-First of all, I would like to say that we are working actively on diversification of our economy and to reduce dependence on oil and gas. If you look at the structure of our GDP, the oil and gas factor is less than 50 percent. But in our export, of course, these are the main products of our export and the export is growing with respect to natural gas. There is a current gas price crisis, if I may call it, so I don't know. Frankly, I'm not interested in what is a reason. What were we doing? We were doing our homework. We were attracting multi-billion investments to the oil and gas sector and working on one of the significant infrastructure projects of the 21st century, the Southern Gas Corridor, completed on the last day of the last year. The fourth segment of that project, the Trans-Adriatic Pipeline, was commissioned on December 31, 2020. Since that time, our exports to Europe started. Before that, our exports were going primarily to Turkey and Georgia. So, now among recipients of our gas, the biggest is Italy among EU countries, followed by Greece and Bulgaria. And there is a potential to expand the geography. This year we already exported to the EU more than 7 billion cubic meters of gas. Next year we plan to export 9, and in 2023 the plan is 11 billion cubic meters, and it can grow. But of course, you know that the gas market is different from the oil market. You need to have contracts. All the gas we extract for export has been contracted before we inaugurated the pipeline. So, that is how the gas business works. Therefore, to plan an increase in production or to plan cooperation with new members of the EU, we need to engage in negotiations on a practical level and evaluate the potential of that party, evaluate the connectivity of gas infrastructure systems in Europe. I know that the work is underway to make more connections and plans. Our gas is sold on long-term contracts, and we obey the contracts hundred percent. So, Azerbaijan is a reliable partner for the EU and this issue, of course, is permanently on our agenda. So, my assessment is that we have huge deposits of natural gas, we have a shorter transportation route than the traditional suppliers of natural gas to Europe. Our gas is new, for the European market, because as you said production in EU and some European countries not members of EU is going down. We all know that demand for natural gas in Europe will grow because of some decisions made by some countries concerning their energy strategy, and Azerbaijan here as a reliable partner, as a friend to Europe, as a county which already completed all the infrastructure works. Imagine, 3,500 kilometers of pipeline from Baku to Italy, a part of which goes under the sea, was done. Everything is ready, and gas is coming. So, we only need to engage closely with the European Commission and with member states, those who want to get more gas from us or those who want to get new gas from us and start negotiations.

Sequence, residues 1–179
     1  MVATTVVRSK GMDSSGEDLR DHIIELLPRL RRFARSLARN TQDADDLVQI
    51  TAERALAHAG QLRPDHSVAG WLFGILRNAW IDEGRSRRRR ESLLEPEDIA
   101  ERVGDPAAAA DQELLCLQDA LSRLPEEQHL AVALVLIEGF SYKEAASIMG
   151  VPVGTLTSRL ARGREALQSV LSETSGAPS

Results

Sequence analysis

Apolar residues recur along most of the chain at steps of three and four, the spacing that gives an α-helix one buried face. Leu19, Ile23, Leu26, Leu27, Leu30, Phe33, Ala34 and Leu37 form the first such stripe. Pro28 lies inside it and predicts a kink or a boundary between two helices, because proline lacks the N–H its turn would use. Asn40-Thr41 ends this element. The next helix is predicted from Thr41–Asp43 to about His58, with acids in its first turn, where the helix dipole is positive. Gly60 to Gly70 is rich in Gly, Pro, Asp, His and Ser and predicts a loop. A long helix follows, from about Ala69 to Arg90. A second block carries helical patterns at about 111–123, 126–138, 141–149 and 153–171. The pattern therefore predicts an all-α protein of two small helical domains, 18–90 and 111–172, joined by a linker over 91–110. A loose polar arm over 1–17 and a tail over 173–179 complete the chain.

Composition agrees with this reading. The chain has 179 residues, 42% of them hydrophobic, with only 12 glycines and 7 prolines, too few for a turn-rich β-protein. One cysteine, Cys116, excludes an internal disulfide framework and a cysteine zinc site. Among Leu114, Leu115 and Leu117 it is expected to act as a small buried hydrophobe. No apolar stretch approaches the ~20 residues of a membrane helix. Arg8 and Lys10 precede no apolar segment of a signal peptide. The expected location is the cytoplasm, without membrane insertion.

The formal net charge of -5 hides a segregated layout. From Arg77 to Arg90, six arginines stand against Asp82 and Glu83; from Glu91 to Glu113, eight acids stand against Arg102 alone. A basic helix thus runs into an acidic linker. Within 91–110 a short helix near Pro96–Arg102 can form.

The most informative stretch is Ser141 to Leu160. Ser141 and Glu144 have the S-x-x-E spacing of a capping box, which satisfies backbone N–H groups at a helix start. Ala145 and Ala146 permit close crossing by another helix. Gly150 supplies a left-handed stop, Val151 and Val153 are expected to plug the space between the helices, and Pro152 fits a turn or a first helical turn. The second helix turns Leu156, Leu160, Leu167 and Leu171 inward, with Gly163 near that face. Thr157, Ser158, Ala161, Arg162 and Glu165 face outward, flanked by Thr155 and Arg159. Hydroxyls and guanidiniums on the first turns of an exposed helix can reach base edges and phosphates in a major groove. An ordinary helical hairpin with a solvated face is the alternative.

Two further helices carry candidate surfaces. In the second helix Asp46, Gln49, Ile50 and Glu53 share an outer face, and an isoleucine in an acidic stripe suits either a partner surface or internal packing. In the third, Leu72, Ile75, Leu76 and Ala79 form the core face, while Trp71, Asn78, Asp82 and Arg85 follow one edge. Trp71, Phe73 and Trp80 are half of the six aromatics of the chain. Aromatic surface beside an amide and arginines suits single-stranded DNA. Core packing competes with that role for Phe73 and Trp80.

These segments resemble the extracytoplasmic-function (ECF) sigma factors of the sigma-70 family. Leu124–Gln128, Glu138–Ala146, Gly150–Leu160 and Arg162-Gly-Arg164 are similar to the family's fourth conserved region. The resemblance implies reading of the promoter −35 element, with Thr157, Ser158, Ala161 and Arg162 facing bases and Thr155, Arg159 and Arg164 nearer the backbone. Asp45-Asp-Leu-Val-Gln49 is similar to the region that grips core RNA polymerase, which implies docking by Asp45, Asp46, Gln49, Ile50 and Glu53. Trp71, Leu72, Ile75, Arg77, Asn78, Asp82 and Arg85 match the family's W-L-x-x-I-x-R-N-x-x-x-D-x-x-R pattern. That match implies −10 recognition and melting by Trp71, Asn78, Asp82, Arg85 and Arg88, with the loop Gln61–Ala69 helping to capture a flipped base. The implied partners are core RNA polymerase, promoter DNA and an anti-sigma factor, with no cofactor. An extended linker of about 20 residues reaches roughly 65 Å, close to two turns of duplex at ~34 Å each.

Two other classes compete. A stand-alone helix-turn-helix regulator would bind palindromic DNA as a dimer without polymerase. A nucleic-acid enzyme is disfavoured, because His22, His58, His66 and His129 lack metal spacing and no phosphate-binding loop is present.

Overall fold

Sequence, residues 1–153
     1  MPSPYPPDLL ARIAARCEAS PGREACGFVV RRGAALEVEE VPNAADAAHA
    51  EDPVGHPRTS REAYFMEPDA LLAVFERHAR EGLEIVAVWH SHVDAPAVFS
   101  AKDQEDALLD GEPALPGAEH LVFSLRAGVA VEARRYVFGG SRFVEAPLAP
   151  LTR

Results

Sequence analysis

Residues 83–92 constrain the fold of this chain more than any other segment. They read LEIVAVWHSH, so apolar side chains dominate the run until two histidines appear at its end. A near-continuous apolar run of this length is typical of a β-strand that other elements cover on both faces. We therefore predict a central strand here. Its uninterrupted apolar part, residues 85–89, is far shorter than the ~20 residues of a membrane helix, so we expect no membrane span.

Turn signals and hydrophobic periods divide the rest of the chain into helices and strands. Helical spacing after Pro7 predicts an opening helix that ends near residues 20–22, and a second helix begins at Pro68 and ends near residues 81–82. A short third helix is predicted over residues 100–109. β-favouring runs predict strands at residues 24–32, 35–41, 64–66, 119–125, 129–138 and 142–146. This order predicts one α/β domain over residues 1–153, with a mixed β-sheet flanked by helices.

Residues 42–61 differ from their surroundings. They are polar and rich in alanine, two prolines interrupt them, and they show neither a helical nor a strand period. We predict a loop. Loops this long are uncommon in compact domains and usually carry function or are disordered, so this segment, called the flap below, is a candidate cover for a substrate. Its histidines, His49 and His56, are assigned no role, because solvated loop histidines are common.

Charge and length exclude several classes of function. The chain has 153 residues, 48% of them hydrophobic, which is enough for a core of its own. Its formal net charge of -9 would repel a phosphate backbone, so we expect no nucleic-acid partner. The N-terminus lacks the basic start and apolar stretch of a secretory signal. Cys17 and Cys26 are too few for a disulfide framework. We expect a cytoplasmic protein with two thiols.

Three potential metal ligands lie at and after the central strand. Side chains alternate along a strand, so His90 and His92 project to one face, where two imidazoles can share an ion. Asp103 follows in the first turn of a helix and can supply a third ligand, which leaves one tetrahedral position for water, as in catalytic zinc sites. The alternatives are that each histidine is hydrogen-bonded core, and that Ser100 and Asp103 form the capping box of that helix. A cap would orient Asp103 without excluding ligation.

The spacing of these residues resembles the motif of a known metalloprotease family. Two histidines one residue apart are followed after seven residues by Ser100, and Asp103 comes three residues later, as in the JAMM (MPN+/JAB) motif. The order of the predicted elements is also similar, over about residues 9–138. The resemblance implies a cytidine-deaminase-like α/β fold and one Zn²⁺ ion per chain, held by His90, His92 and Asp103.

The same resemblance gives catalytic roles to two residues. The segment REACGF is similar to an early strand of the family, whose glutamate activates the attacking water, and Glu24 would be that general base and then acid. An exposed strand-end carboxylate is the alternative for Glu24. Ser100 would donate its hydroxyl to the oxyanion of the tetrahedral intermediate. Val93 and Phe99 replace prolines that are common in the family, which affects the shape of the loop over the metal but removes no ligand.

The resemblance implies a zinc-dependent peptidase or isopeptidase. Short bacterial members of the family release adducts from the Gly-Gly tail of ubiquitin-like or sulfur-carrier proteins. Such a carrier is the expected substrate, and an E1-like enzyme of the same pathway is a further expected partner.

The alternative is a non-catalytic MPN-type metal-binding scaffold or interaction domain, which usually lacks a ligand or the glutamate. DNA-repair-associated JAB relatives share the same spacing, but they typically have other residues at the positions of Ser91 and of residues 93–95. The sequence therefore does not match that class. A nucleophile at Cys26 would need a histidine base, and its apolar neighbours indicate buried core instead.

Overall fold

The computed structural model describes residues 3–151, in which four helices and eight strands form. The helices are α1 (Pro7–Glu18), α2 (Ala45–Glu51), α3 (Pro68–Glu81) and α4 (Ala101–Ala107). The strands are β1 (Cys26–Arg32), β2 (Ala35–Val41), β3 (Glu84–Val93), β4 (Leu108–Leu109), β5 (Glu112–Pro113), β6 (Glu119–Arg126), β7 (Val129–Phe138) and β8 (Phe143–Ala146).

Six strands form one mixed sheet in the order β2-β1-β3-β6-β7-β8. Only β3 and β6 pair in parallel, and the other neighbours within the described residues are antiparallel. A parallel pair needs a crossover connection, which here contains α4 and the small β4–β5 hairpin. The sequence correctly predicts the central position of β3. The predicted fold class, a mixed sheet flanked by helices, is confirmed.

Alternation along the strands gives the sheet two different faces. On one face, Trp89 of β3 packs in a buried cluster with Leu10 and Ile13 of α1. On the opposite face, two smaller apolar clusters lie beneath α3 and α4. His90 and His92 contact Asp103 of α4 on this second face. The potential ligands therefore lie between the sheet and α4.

-Was the new gas corridor, the TAP project you implemented last year, mentioned in your talks with Mr. Putin? Is this a concern for Mr. Putin because it is an alternative to Russian gas?

No, frankly, I can tell you that never with President Putin had we discussed this issue. Though we meet regularly several times a year, we are permanent on the telephone conversation. However, he never raised this issue because I think this subject of the competition is vastly exaggerated. Our gas supply can by no way compete with the Russian gas supply. Russian export to Europe is hundreds of billions of cubic meters and is growing. As I said already, our export to Europe is not a competition, and we never looked at it as a competition. For us, this project was commercial, a project of commerciality. Because now when all the infrastructure pipeline works have conditions. The internal rate of return of Shah Deniz Gas deposit which is the primary source of our gas supply to Europe and other countries. The internal rate of return increases. So it became very attractive from a commercial point of view. So, we had huge gas deposits, and we needed to have a market.